Bardreau is a smart, two-way center with great hands and stick that excels in the grind game. The role that he was given at the WJC is similar to the role that he played at Cornell this season. He’s equally good at both ends of the ice and has blossomed into an outstanding penalty killer. Bardreau’s ability to play both ends of the ice equally well could also allow him to develop into one of college hockey’s best defensive forwards. One area where Bardreau was particularly effective for the Big Red this season was on face-offs, winning over 56 percent of his draws. The Fairport, NY native isn’t big (5’11”/184 lbs.), but what he lacks in size he makes up for with a tremendous work ethic. Many of the offensive opportunities he creates come through hard work and his relentless pursuit of the puck.

Bardreau came into this season noticeably stronger, and where this added strength has been evident has been in his ability to protect the puck and fend off opposing players in tight areas. Bardreau’s added strength has also enhanced his skating. His strides are more powerful and his acceleration has improved. And none of it has come at the expense of his quickness. Another notable area in Bardreau’s development has been his willingness to play the body more often. While he’ll likely never become a physical presence, Bardreau can and will deliver some solid checks when necessary.

9. Will Merchant, LW
Freshman, University of Maine
Ht./Wt: 6’1”/190 lbs. Shoots: Left
DOB: 1/12/94
CSS final ranking: N/A

Will Merchant was part of the Black Bears’ outstanding freshman class this season. While there wasn’t much fanfare around Merchant this season, scouts continually kept a close eye on the young winger. One team that has already shown interest in Merchant is the Minnesota Wild, whose prospect camp he attended last summer. The Eagan, MN native appeared in 37 games for Maine this season, posting seven points (three goals, four assists). One of Merchant’s most memorable games came back on Jan. 26th versus Boston College. In that game, he posted two assists to help guide the Black Bears to a 3-1 win.

Merchant is a budding power forward with good size who plays an honest game. There isn’t anything fancy or flashy about his play, it’s just very solid. One area where Merchant really excelled this season was playing in tight areas. Many of his scoring opportunities came as a result of hard work and his willingness to go into the dirty areas. While Merchant’s rookie numbers may not reflect it, he does have the potential to be a top-flight point producer. Merchant is equally adept at setting up and finishing plays. He’s smart, has good vision and isn’t afraid to play the body. He is also very strong on the forecheck. Merchant’s outstanding stick work, transition game and defensive awareness could allow him to develop into a solid defensive forward.

Two of Merchant’s best attributes that have had scouts taking particular notice are his superb skating and blistering shot. His skating combines smoothness, agility, and power with great speed and acceleration. He also has good feet and maintains good balance on his skates. Merchant possesses a very heavy shot that could become more lethal with physical maturity.

10. Matthew Caito, D
Freshman, Miami University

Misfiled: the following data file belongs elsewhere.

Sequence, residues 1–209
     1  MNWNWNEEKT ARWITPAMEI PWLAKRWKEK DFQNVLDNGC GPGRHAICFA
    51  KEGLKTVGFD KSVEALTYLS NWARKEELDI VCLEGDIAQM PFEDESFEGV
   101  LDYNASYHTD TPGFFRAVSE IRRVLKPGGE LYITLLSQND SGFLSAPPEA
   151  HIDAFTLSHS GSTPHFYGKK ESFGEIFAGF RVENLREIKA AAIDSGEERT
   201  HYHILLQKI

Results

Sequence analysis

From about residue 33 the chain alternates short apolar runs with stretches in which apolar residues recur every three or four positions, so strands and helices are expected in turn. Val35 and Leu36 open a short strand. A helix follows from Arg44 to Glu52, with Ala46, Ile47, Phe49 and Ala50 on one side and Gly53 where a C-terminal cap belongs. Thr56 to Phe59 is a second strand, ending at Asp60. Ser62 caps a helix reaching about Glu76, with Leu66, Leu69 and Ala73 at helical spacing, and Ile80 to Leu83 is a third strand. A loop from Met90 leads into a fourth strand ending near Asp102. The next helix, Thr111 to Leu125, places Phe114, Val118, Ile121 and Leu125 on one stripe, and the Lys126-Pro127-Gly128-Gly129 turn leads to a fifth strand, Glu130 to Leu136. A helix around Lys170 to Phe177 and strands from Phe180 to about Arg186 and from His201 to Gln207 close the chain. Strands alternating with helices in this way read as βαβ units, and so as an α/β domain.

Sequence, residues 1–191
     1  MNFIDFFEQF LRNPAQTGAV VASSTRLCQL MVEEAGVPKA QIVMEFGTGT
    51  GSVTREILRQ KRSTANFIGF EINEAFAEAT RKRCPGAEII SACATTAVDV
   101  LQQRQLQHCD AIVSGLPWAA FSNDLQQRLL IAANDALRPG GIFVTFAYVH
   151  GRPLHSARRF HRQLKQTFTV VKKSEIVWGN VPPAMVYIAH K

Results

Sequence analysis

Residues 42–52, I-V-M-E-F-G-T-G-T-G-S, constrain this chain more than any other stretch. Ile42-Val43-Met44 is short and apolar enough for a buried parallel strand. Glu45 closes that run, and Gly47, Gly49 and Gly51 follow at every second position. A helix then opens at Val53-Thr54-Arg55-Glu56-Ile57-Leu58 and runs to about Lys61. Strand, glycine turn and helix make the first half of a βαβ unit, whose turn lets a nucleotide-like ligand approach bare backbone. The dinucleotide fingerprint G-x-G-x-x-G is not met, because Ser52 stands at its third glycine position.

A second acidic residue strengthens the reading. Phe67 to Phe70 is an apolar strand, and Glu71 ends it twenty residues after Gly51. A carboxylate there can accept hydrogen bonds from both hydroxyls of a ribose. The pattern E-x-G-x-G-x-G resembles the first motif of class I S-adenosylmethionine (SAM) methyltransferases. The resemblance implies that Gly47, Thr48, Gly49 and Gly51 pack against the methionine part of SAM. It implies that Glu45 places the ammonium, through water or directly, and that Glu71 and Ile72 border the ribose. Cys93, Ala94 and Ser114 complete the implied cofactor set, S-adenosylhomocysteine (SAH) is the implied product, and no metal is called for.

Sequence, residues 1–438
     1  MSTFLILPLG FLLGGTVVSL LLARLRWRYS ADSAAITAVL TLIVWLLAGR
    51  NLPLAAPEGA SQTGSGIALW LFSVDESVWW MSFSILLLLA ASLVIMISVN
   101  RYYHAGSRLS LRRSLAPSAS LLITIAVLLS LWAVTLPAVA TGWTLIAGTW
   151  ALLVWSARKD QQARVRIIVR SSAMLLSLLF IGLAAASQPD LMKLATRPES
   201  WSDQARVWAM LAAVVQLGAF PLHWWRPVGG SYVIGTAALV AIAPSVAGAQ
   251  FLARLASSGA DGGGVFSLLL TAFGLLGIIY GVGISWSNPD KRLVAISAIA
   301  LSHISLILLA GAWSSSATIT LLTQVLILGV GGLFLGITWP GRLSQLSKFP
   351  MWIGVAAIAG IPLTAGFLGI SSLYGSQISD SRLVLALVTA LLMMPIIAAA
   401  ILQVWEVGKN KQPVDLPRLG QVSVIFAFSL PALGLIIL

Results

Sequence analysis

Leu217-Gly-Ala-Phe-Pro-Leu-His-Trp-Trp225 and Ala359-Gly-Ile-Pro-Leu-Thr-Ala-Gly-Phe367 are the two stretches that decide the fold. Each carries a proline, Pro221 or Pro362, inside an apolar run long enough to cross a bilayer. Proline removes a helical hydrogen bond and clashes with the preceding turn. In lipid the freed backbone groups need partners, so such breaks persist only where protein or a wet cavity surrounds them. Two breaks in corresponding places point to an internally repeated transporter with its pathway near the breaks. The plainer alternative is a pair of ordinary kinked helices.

Ht./Wt: 5’10”/194 lbs. Shoots: Right
DOB: 8/13/93
CSS final ranking: N/A

Matthew Caito never appeared on any of Central Scouting’s rankings this season, but that doesn’t mean NHL teams weren’t paying attention to him. The Coza de Caza, CA native is coming off of a terrific freshman campaign leading all RedHawks defensemen with 21 points (five goals, 16 assists) and earning a selection to the CCHA All-Rookie Team. He was one of only five players to play in all of Miami’s 42 games this season. Caito logged a ton of ice time as part of the RedHawks’ excellent top defensive unit, playing alongside senior Steven Spinell. One of Caito’s most memorable games came on Feb. 23rd versus Lake Superior State. In that contest, he posted the game-winner and added an assist en route to earning his third CCHA Rookie of the Week honor on the season.

Caito is an offensive-minded defenseman who balances his offensive abilities and defensive responsibilities remarkably well. And it is that balance that has served his Miami team exceedingly well and has had scouts taking notice. What Caito lacks in size, he makes up for with his tremendous skating ability and willingness to engage in the physical game. He has shown that he can play bigger than his 5’10” frame. Caito is a fluid skater with good speed and acceleration. His footwork and lateral skating are also quite good. He can often be found jumping into plays, but is also smart in knowing when to do so. As good as Caito is offensively, he is equally good defensively. He is an excellent shot-blocker, having led Miami with 72 this season. He does a very good job in one-on-one situations but his lack of strength doesn’t allow him to move opposing players off the puck easily.

One of Caito’s best attributes is his puck-moving ability. He shows great poise and patience with the puck. He can make crisp tape-to-tape passes and his outlet passes are excellent. Caito possesses great vision and makes good decisions with the puck. He possesses a good shot and can get pucks to the net.

Other notables (listed in alphabetical order by last name):

LW Austin Farley – Freshman, University of Minnesota-Duluth
LW/RW Kalle Kossila – Freshman, St. Cloud State University
C Justin Selman – Freshman, University of Michigan
G Jay Williams – Freshman, Miami University
G Stephon Williams – Freshman, Minnesota State University-Mankato

Follow DJ Powers on Twitter via @DJPowersHF